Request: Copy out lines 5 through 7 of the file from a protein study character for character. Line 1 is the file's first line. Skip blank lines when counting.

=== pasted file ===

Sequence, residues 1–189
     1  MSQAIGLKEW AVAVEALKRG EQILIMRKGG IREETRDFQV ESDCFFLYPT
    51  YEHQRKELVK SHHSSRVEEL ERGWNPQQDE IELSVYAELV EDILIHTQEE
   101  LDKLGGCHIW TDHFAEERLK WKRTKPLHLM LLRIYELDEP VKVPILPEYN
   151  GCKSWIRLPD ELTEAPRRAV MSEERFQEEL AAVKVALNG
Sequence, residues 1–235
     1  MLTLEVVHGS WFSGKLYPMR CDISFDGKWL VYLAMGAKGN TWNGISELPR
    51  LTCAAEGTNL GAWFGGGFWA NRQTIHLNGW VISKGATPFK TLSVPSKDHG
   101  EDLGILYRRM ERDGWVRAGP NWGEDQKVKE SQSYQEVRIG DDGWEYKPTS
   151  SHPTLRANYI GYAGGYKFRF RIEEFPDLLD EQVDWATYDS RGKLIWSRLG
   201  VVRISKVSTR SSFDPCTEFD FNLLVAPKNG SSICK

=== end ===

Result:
   151  GCKSWIRLPD ELTEAPRRAV MSEERFQEEL AAVKVALNG
Sequence, residues 1–235
     1  MLTLEVVHGS WFSGKLYPMR CDISFDGKWL VYLAMGAKGN TWNGISELPR